The Twilight of Corporate Trust
In addition to politicians, Californians get to vote directly on legislation. Propositions, as they are known, appear on official Golden State ballots every election.
I called a friend of mine in California last year, right before the election. “So, what are your opinions on these propositions this year?” I asked.
My friend doesn’t follow politics like I do. “I’m not sure,” he responded. After a second, he added, “but that Uber one, I’m against that. They want their workers to be employees…or contractors…I forget. But whatever they want, I’m doing the opposite.”
Proposition 22 sought to classify gig workers — like those who work for Uber, Lyft, or DoorDash — as “independent contractors,” not regular employees. While such a distinction appears insignificant, these corporations could now deny their workers benefits such as a minimum wage or healthcare.
These particular companies, none of which have even really turned a profit yet, opened their war chest and dumped over $200 million in support of the proposition. Lobbying and marketing don’t come cheap.
Californians ended up passing the proposition to the delight of these companies. But I will always remember my friend’s reaction. He didn’t even understand exactly what the proposition was, but he knew what Uber wanted — and he didn’t want that. When an unsavory corporation pushes X, some of us instinctively want Y.
Enter Amazon. They’ve launched a ubiquitous ad campaign, buying up space on prominent news sites and popular podcasts calling for Congress to pass a $15 minimum wage.
In a world of corporate ruthlessness, Amazon ranks supreme. This is the same company whose employees have urinated in bottles to save time and increase efficiency. Now that same profit driven, analytics savvy corporation is pushing to increase worker wages? What will the stockholders think?!
I’m weary of Amazon, but I’m pro wage growth. The ambivalence overtook me. I was reminded not just of my friend from California, whose gut reaction was to be anti-whatever-the-big-corporation-wants, but the era to which I belong — the twilight of corporate trust.
I see commercials of some CEO handing out water bottles after a storm, and I just see some PR experiment. Corporate money spent on charitable causes seem to spawn from two questions: can we write this money off our taxes, and will this make our customers like us more? (And, by extension, make them buy more).
Maybe I’m too cynical. But maybe I’m right.
After being bombarded with these well-placed Amazon ads, I decided to do some digging. Sure enough, I was right.
There are essentially three reasons Amazon would support a $15 minimum wage:
(1). Amazon had to raise their pay to $15 an hour to fill job openings. Amazon went on something of a historic hiring spree last year, hiring over 1,400 workers per day. The problem? Before the pandemic, the unemployment rate hovered below 4%, signaling a strong labor market. With so many openings, and with so few unemployed, Amazon was forced to raise its wages — not by the government, but by the free market.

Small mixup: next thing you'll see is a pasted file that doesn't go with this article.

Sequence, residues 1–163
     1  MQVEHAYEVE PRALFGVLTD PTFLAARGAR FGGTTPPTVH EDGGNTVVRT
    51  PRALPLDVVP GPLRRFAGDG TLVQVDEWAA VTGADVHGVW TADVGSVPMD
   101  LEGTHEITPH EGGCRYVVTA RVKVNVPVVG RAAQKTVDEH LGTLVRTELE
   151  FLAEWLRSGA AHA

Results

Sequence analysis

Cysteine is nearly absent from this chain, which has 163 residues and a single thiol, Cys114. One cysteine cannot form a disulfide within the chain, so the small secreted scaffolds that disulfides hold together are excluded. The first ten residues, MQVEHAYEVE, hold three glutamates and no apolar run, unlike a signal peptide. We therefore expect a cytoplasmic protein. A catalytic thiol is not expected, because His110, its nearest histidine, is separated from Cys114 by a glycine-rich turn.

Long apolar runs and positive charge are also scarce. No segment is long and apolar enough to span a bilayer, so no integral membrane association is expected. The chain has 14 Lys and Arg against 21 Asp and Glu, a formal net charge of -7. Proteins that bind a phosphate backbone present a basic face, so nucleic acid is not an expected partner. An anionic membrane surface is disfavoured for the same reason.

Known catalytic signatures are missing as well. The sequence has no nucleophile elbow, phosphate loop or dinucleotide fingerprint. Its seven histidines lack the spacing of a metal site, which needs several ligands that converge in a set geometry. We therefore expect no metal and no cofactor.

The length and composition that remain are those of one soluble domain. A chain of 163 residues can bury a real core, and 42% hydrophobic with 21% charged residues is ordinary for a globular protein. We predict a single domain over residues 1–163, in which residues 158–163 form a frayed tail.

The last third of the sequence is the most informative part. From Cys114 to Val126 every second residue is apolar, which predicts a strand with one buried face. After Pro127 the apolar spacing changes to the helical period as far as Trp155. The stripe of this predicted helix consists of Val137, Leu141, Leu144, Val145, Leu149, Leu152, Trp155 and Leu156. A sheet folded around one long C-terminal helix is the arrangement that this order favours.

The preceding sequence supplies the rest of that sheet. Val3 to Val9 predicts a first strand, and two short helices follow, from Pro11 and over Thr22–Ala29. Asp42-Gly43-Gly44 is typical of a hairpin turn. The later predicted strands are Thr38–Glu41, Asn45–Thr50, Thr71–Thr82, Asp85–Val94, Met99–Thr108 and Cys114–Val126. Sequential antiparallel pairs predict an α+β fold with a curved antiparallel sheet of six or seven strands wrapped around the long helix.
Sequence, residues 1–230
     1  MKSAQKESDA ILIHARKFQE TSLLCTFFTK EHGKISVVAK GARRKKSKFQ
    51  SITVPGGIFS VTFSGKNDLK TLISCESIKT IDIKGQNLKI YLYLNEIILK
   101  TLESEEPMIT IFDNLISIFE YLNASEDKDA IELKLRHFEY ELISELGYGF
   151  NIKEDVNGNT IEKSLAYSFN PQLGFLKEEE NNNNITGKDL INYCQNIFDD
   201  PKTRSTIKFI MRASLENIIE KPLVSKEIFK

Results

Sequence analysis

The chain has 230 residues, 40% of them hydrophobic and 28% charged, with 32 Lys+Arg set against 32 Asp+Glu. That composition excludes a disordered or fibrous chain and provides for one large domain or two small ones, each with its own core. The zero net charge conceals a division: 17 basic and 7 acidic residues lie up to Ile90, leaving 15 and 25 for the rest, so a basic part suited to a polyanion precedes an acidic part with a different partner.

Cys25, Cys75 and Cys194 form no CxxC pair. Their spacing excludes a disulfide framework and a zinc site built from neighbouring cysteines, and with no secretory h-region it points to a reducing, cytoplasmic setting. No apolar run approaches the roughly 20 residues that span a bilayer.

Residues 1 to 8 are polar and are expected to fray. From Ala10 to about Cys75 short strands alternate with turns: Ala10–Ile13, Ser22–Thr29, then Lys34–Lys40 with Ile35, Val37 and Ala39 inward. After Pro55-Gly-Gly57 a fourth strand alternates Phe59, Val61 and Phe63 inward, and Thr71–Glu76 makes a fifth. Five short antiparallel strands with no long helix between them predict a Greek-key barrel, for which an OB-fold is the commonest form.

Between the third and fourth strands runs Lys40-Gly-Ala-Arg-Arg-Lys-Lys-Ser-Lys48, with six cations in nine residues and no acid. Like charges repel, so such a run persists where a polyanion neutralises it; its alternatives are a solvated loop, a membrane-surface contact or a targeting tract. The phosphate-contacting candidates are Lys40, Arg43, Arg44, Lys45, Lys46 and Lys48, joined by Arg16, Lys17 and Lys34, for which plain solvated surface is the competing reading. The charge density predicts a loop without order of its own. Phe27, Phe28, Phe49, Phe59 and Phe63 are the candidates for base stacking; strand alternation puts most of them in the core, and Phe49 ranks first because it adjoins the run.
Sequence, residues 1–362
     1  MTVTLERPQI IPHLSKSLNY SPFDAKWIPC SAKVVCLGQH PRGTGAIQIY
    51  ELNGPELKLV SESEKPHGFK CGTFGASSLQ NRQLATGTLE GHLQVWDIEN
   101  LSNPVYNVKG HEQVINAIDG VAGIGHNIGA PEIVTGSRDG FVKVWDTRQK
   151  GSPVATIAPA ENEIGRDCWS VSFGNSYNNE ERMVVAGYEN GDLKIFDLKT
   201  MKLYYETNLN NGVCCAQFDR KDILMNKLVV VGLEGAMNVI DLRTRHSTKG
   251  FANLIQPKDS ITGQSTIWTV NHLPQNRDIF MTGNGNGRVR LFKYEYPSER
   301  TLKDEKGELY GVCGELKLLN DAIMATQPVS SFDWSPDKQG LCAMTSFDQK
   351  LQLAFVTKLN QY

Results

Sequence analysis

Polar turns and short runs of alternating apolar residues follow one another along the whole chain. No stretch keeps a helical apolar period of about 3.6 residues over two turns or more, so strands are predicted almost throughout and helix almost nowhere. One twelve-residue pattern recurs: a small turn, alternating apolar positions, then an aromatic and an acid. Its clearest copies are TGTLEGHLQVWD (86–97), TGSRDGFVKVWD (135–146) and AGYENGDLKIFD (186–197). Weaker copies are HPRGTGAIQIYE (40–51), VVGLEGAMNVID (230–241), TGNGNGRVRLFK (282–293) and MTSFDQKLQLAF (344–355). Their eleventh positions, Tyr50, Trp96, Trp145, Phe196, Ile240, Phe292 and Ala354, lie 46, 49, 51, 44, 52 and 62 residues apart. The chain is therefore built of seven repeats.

“My read of it all is that they — for purely labor market reasons — needed to go to $15 an hour to meet their huge staffing needs,” Stacy Mitchell, co-director of the Institute for Local Self Reliance told Vice’s Motherboard. “Recognizing that they were going to need to do that anyways because of market conditions, they decided to parlay it into a publicity move.”
(2). If implemented, a $15 minimum wage would not cost Amazon anything. They already pay their employees that wage, so they aren’t on the hook financially should Congress act. Raising the minimum wage to a rate above what they already pay their current employees — now that would be putting your money where your mouth is.
(3). A $15 minimum wage would cripple Walmart, Amazon’s foremost competitor. Now here’s where things get interesting.
Walmart’s lowest rate for hourly work is only $11 an hour, or 36% less than what Amazon pays. While $15 vs $11 doesn’t seem like a lot, consider the hundreds of thousands of Walmart employees making less than $15 an hour, multiply that by the numbers of hours in a shift, and the result is…well it’s a lot.
“Amazon has already implemented a $15 minimum wage so it has little to fear from this becoming a federal minimum,” GlobalData managing director Neil Saunders explained to Business Insider. “In fact, it is to Amazon’s commercial advantage if rival retailers also have to pay more — particularly Walmart.”
Doug McMillan, the CEO of Walmart, is on the defensive. This month he told investors that Walmart would keep its $11 an hour introductory wage to keep a “ladder of opportunity.”
Even for the low bar of corporate jargon, a “ladder of opportunity” is pretty pathetic. I just hope those Walmart employees don’t fall off that ladder — surgery for a broken leg costs about $35,000 without insurance, or about 1.5 years of Walmart employment.
So Amazon is pushing some regulation that they had to adopt anyway. If implemented, it would cost them nothing. In the meantime, it would financially burden their major competitor. This is the hand they were dealt, and now they’re trying to buy goodwill off of it. No thanks.
Even as I sit here writing this column, I see that Facebook purchased the prime advertising spot on The New York Times’ home screen.
“It’s time for updated internet regulations,” the ad reads. “It’s been 25 years since comprehensive internet regulations were passed. It’s time for an update.”
Thank you, Facebook. I’m sure these regulations you’re so innocently pushing for will be pro privacy and pro competitiveness. I can look into the specifics, but the result would be the same column with new characters.
Amazon will push for these new self-benefiting rules. When you think of Amazon, they want you to think of jobs and wages. Instead, I will think of bottles of urine.
Welcome to the twilight of corporate trust.